Colette Faulkner on a Waves Debate tournament in Amsterdam during December 2019 | Photo courtesy of Colette Faulkner
Senior Colette Faulkner can be frequently seen around campus with bright, eclectic outfits. With a passion for fashion, Faulkner said she hopes to pursue a career in the fashion industry after she graduates this spring. The Economics major sat down with the Graphic to talk about her Pepperdine experience just as she starts her final semester.
Can you describe the Pepperdine activities you have been involved in?
Colette Faulkner: I am the assistant director of Waves Debate. I’ve been on the team for three years. We compete in British Parliamentary debate. Basically there’s four teams, but there’s two sides. It’s a little complicated, but it’s fun. You have 15 minutes to prepare your speech, so you get your topic 15 minutes before the round and then it’s go-time.
Have you traveled internationally through Pepperdine?
CF: Yes, I did the Jordan program. It was amazing, I would highly recommend it. Through debate, we’ve gone to Oxford, Kazakhstan, South Africa and Amsterdam — Canada as well — so a nice, wide range. What’s nice is that when you’re at these tournaments, it’s not just only Europeans if you’re in Europe; it’s usually people from a bunch of different countries, so it’s always very much an international experience.
Was there a specific class or professor that especially stands out to you?
CF: Timothy Lucas. He’s amazing. He has a way with numbers.
What are some lessons you’ve learned from being at Pepperdine?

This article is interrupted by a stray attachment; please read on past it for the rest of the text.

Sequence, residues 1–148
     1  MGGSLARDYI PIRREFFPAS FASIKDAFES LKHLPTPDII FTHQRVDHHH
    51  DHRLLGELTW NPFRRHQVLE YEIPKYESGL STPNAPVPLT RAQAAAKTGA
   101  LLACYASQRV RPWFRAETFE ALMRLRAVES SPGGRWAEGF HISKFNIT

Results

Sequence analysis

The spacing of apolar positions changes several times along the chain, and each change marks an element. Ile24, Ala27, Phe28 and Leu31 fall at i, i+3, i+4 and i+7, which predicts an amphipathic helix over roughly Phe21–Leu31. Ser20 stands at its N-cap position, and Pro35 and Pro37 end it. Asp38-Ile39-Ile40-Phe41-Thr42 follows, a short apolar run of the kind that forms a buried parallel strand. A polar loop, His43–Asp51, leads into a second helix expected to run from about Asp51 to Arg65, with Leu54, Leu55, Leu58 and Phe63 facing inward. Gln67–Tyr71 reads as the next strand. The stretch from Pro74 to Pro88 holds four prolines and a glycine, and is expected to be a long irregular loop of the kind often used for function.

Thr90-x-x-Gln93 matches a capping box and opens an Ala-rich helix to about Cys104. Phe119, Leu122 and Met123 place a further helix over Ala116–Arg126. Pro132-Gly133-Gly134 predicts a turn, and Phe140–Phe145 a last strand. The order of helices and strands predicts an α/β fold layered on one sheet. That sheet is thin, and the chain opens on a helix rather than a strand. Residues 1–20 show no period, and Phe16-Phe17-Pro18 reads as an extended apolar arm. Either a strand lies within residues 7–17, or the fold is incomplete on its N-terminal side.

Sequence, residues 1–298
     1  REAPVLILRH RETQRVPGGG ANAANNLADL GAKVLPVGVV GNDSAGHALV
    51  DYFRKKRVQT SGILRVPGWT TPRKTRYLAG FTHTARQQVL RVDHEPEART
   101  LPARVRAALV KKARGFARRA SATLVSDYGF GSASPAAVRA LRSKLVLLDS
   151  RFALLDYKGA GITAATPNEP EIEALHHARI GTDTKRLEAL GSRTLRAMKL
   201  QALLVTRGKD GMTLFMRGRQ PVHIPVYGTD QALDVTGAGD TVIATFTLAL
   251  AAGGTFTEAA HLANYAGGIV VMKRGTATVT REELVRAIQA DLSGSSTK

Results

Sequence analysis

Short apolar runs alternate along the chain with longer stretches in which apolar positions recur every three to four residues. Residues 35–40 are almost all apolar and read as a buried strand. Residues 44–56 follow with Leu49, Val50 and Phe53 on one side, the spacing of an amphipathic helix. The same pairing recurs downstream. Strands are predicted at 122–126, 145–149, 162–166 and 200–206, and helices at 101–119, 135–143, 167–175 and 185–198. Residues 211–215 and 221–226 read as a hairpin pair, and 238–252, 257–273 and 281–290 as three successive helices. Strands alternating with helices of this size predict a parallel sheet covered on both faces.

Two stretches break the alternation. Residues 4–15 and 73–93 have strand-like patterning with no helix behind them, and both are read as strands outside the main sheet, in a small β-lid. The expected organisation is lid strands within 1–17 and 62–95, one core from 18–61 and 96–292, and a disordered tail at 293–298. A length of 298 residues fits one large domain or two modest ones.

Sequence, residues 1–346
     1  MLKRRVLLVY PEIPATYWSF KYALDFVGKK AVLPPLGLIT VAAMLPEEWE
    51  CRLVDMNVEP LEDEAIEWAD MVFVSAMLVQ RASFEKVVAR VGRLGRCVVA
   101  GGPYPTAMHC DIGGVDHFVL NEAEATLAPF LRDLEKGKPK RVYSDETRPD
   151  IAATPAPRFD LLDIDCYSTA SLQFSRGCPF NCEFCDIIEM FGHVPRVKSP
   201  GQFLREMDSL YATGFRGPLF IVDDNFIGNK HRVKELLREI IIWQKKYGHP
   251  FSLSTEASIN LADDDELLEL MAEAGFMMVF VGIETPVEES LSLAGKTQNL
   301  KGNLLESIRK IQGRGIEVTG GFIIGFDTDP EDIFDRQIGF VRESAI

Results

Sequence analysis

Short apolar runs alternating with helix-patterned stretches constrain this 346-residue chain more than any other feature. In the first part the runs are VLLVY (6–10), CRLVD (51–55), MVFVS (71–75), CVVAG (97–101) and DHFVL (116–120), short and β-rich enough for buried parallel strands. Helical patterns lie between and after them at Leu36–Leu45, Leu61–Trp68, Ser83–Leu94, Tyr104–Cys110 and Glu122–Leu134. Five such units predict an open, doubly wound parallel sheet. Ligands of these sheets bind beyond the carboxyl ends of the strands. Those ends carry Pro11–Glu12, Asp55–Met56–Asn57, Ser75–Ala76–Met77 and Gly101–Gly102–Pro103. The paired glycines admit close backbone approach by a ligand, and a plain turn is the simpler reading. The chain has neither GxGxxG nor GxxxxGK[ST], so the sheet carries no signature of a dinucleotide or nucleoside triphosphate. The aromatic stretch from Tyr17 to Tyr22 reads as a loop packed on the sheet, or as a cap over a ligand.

CF: From my professors, I’ve learned to like math. In high school I really hated it, but then I figured if I want to do economics, I’ve got to learn how to do math. I’ve learned how to become a woman in STEM. In high school, I thought I was going to be a lawyer … but I became an Economics major and I realized if I wanted to do economics, I would need a lot of math, so I added a Math minor and I said, ‘It’s time to take out my TI-84 and learn to like math.’ I learned to appreciate math in a different way. Now I actually tutor it, so I guess you could say I’m kind of good at it.
What do you hope to be doing post-graduation?
CF: Originally, I thought I wanted to get a PhD in economics. Now I want to go into fashion. I would like to be a buyer — it’s both analytical and creative.
Is there a certain section of the fashion industry you’re interested in?
CF: For a buyer, the ideal company you’d want to be with would be like a high-end department store, like a Saks. So I think that would be the long-term goal. Or with a sustainable brand, that would be cool.
How did you establish that fashion was what you wanted to focus on, as opposed to another part of the commercial industry?
CF: I was looking at job postings, and I was looking at mainly ones that relate to economics like finance, analyst positions, but I thought, ‘None of this speaks to me.’ Finance is kind of boring and terrible. So then I thought about what I actually enjoy but that I would have the skills to do but would also allow me to live, love and laugh. I said: fashion.
If there was one thing you could change about Pepperdine, what would you hope to change?
CF: It would be cool if we had AC in these dorms. Or if my sink didn’t fill with weird liquids.
How do you think Pepperdine as a university can improve moving forward into the future?
CF: I think Pepperdine does a pretty good job at ethnic diversity; if you walk around the campus, you see a lot of different faces. They could probably do a bit better at socio-economic diversity — you know, give out better scholarships.
Do you have any advice to younger students, possibly freshmen?
CF: I think my advice to freshmen would be to take time for yourself. Sometimes you don’t need to be around people constantly. Sometimes you just need you.
Last question: Favorite thing about Pepperdine?
CF: Whole Foods Night, when I got the free oat milk. Pepperdine provides us with so many exciting opportunities to find new things, such as oat milk.
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